Frank Capra adored Stanwyck. He said she had a "trick" when playing emotional scenes. When delivering an emotional monologue, she would say every word composed and then make her voice break on the final word as she burst into sobs.
|by I STAN||reply 23||Last Thursday at 10:21 AM|
Another of my favorite Stanwyck films is Baby Face:
Baby Face is a 1933 American pre-Code drama film directed by Alfred E. Green for Warner Bros., starring Barbara Stanwyck as Lily Powers, and featuring George Brent. Based on a story by Darryl F. Zanuck (under the pseudonym Mark Canfield), Baby Face is about an attractive young woman who uses sex to advance her social and financial status. Twenty-five-year-old John Wayne plays a supporting role as one of Powers' lovers.
|by I STAN||reply 24||Last Thursday at 10:46 AM|
R21, who is "the best" then?
|by I STAN||reply 25||Last Thursday at 12:03 PM|
[R25], I wasn't born yesterday. There is no possible answer that, unless it agrees with yours, won't elicit ridicule. This is DL, not the real world.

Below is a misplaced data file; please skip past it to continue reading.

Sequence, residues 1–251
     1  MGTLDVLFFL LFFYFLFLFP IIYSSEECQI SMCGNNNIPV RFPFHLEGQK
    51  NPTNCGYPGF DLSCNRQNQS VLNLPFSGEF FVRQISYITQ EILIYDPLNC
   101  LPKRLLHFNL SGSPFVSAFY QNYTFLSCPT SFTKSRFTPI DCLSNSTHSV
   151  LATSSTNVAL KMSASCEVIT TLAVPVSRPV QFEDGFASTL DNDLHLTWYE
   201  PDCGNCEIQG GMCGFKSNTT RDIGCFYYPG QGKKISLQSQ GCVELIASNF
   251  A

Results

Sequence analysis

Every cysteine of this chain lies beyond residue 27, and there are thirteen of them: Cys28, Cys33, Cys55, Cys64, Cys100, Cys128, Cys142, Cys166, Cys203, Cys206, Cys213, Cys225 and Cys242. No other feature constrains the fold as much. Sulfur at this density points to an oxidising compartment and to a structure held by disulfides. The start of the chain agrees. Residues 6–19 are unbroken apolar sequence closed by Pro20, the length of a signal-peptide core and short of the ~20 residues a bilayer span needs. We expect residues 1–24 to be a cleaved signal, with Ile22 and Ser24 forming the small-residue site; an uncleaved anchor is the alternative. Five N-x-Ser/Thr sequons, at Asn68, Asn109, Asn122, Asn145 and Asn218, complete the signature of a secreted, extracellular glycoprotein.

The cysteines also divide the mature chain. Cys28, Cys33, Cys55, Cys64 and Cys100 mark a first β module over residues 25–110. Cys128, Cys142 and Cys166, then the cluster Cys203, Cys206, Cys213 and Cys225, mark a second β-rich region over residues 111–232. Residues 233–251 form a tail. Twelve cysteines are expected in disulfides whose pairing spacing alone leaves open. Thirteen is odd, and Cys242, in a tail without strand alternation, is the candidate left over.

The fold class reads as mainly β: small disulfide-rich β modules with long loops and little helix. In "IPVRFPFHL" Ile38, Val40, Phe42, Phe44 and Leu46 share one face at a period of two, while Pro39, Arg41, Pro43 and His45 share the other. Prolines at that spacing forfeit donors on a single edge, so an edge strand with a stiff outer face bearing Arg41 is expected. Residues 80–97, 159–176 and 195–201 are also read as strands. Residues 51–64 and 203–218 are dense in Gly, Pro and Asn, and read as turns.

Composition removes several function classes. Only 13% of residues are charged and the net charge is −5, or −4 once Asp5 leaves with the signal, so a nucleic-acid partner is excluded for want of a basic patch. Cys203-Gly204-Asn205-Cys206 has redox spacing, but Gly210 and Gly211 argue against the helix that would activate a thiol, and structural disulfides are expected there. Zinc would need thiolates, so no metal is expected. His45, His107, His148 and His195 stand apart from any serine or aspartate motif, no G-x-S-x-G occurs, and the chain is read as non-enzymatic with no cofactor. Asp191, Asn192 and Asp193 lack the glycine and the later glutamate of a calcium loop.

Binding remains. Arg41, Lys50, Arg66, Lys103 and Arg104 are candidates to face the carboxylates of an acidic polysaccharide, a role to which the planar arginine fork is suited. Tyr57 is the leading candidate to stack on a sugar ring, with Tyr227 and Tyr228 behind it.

|by I STAN||reply 26||Last Thursday at 12:12 PM|
The only time I found Crawfish naturalistic on screen was in the movie Rain. Too bad the movie was a flop and she changed her acting style because she felt the fans found her too raw and unglamorous.
|by I STAN||reply 27||Last Thursday at 12:21 PM|
Great actress, I re-watched Lady of Burlesque the other day.
|by I STAN||reply 28||Last Thursday at 12:25 PM|
R14 I think I know what you mean, you can blame it on her habit of memorizing the entire script before filming began, including the other actors' lines. Girl came PREPARED.